As we applaud the proposed investment in frontline hospital healthcare workers announced this week by the Pennsylvania General Assembly, nursing homes continue to be ground zero for the pandemic. Our members’ staff, residents and their families continue to feel the strain of the pandemic and its impact on our most vulnerable Pennsylvanians.
A lack of funding is creating a heartbreaking trend we’ve repeatedly reported during the pandemic: high-quality, nonprofit nursing homes are closing or being forced to sell to out-of-state companies. This month, the Jewish Home of Greater Harrisburg joined the list. As of 2020, retirement homes in Pittsburgh, Erie, Allentown, and Berks and Montgomery counties have closed or sold. While hospitals are currently grappling with frontline issues, nursing home issues began long before the pandemic.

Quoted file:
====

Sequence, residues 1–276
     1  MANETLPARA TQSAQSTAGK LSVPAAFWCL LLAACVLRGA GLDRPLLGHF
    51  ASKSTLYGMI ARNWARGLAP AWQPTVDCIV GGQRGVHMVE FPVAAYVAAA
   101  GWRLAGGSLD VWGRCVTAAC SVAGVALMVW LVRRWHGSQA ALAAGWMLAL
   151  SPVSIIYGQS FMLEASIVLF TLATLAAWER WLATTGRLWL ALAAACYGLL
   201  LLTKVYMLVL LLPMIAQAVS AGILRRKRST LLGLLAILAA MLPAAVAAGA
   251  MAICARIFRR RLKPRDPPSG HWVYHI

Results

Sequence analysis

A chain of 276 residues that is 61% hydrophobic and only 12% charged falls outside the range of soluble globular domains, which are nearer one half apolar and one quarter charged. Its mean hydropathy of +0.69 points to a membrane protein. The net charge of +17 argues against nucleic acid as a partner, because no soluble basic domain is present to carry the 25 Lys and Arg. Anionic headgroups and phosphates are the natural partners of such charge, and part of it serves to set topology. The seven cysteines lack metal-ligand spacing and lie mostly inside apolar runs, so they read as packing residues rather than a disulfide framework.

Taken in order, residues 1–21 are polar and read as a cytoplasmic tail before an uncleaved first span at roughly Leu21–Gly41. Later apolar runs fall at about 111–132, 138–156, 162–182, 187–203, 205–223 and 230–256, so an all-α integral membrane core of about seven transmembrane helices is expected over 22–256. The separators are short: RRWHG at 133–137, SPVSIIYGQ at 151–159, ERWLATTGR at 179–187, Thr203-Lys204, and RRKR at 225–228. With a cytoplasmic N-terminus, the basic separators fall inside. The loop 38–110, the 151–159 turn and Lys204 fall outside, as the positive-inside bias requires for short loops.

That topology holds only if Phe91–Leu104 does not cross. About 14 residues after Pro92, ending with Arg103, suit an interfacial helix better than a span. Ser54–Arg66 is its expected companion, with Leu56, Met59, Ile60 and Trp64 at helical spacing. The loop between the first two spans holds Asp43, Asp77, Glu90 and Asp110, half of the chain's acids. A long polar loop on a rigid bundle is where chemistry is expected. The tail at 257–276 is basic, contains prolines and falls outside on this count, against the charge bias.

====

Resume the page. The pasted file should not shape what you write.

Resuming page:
Homes rely on Medicaid to care for residents who can no longer afford to pay for their care. Medicaid reimbursement rates in Pennsylvania have been steadily stabilized in state budgets. In 2017 alone, Pennsylvania nursing homes suffered a huge $631 million shortfall. Establishments relied on their Rainy Day funds to cover the shortfall, but the pandemic emptied those accounts.
Hospital care during COVID-19 is in the headlines, but nursing homes cannot be forgotten. Lawmakers and the Wolf administration must release emergency funding — and provide a robust increase in Medicaid funding in the upcoming 2022-23 fiscal budget. Without it, history shows more care homes will close.
Interim President and CEO